Friday, December 01, 2006

Biblical Roles: Apostles (Part 3)


“But we proved to be gentle among you, as a nursing mother tenderly cares for her own children.” (1 Thessalonians 2:7)

Paul was not only a father to the churches, urging them on, but he was also a mother to them, tenderly caring for their condition. Paul’s care was not for the “church” but for the people of the “church”. Paul cared for them, not because it was his “job” but because he genuinely cared and loved them. Paul’s heart was bent towards them and he delighted when he was able to be with them. In his letter to the Romans he told them, “For I long to see you so that I may impart some spiritual gift to you, that you may be established; that is, that I may be encouraged together with you while among you, each of us by the other's faith, both yours and mine.” (Romans 1:11-12) And in his letter to the Philippians he said, “For God is my witness, how I long for you all with the affection of Christ Jesus.” (Philippians 1:8) Paul’s care for them flowed out of the love and affection he had for them in Christ Jesus.

Apostles have a mother’s heart for the people of God. Their concern for the churches is constant, even when they are absent. Paul write of his daily concern for the churches, “Apart from such external things, there is the daily pressure on me of concern for all the churches. Who is weak without my being weak? Who is led into sin without my intense concern?” (2 Corinthians 11:28-29) When absent, they bear the burden of concern. When present, they are gentle in their care.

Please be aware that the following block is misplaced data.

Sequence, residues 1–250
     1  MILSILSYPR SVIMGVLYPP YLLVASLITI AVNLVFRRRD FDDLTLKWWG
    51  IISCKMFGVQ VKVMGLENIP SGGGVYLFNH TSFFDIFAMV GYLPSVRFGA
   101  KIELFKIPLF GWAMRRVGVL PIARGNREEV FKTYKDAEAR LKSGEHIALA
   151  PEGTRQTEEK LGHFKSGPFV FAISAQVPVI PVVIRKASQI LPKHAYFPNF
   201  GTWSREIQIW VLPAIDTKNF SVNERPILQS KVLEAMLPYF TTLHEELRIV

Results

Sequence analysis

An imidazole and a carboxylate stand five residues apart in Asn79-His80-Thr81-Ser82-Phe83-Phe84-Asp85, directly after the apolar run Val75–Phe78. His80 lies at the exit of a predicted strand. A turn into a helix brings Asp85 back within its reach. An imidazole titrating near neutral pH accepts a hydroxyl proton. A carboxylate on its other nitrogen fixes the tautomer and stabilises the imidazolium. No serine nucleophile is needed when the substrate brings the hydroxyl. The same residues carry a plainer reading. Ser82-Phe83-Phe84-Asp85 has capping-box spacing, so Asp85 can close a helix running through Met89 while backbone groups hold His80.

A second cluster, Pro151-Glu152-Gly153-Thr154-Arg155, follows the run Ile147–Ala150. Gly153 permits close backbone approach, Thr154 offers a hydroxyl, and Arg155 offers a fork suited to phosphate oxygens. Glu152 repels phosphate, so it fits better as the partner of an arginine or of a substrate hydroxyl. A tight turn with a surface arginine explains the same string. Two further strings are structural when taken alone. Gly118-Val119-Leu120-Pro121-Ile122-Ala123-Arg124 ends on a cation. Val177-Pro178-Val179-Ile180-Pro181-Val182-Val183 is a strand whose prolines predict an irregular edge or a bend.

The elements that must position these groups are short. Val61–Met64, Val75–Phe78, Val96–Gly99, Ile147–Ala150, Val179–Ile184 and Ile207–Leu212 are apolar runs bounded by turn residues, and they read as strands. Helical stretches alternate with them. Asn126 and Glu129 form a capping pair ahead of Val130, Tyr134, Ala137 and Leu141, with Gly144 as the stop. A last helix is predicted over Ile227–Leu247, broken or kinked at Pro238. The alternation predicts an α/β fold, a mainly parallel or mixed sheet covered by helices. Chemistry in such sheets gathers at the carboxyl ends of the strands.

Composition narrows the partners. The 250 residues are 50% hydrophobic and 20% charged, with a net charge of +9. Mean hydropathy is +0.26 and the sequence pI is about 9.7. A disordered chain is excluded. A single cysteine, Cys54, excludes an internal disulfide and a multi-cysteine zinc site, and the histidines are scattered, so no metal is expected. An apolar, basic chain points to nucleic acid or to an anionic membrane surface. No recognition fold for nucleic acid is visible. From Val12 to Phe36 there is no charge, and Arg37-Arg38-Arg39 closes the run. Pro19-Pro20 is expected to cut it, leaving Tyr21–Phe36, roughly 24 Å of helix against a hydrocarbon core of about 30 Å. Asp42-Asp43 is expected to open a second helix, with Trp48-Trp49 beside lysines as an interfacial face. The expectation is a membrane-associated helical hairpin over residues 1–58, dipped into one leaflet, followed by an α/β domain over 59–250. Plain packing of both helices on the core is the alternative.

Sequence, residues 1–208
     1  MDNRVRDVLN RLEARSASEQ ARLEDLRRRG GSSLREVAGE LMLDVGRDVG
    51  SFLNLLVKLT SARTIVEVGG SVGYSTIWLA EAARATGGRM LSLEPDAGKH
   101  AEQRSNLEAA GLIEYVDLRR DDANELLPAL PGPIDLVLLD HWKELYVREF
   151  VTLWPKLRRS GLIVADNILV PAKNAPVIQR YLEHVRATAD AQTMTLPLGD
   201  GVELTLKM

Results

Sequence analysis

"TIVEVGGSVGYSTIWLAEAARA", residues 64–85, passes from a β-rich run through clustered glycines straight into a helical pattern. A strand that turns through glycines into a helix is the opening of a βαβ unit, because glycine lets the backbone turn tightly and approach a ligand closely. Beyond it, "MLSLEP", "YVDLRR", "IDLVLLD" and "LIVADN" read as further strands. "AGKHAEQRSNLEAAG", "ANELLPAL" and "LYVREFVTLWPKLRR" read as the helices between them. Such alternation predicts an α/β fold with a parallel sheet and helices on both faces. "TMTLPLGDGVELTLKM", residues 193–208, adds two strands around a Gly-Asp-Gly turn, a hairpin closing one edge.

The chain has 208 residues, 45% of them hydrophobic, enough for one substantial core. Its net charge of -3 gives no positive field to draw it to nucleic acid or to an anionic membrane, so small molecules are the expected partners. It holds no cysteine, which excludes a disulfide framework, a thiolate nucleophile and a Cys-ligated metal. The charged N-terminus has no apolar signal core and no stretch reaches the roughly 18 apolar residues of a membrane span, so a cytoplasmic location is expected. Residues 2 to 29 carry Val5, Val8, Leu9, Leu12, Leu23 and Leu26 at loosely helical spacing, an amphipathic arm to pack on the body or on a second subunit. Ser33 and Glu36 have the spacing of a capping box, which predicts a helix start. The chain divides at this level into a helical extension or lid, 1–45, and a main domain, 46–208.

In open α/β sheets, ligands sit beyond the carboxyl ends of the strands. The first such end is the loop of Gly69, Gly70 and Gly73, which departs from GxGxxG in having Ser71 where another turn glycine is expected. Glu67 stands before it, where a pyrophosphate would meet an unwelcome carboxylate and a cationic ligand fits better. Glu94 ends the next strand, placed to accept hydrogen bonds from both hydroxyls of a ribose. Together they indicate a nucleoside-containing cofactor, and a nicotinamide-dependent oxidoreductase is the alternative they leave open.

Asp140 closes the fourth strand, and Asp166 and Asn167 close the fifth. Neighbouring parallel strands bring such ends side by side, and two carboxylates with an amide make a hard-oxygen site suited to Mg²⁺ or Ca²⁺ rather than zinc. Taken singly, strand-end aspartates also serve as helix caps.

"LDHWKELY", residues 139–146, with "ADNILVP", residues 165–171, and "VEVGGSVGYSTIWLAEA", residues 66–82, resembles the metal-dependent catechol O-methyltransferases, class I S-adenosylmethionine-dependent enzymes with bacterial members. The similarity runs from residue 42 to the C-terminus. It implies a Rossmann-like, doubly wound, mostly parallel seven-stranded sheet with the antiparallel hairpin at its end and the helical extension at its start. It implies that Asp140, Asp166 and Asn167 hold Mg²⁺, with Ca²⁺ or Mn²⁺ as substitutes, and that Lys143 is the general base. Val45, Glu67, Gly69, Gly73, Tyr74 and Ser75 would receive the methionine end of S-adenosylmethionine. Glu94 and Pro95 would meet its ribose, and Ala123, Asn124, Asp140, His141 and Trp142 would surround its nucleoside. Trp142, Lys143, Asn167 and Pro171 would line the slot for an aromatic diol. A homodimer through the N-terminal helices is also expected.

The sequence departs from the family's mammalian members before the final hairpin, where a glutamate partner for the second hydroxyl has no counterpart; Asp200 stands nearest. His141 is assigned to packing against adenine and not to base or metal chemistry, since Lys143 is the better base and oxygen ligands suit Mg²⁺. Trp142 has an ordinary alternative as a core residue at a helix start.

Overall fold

Conflict Resolution

“I wrote something to the church; but Diotrephes, who loves to be first among them, does not accept what we say. For this reason, if I come, I will call attention to his deeds which he does, unjustly accusing us with wicked words; and not satisfied with this, he himself does not receive the brethren, either, and he forbids those who desire to do so and puts them out of the church.” (3 John 9-10)

There are times when, in the life of a church, things can go awry. Often this is the result of sin and pride, and most often it is sin and pride within the leadership of a church. Paul warned the elders of the church at Ephesus, “I know that after my departure savage wolves will come in among you, not sparing the flock; and from among your own selves men will arise, speaking perverse things, to draw away the disciples after them.” (Acts 20:29-30) Notice that Paul told them that the wolves would arise from amongst the elders. Many times, the problems that can destroy a church are problems within the eldership. In times such as these, apostolic ministry can be a lifesaver to a church. It is times like these that apostles can step in and, with their authority in Christ, set things right and restore order to the church. “For behold what earnestness this very thing, this godly sorrow, has produced in you: what vindication of yourselves, what indignation, what fear, what longing, what zeal, what avenging of wrong! In everything you demonstrated yourselves to be innocent in the matter.” (2 Corinthians 7:11)

David Robison

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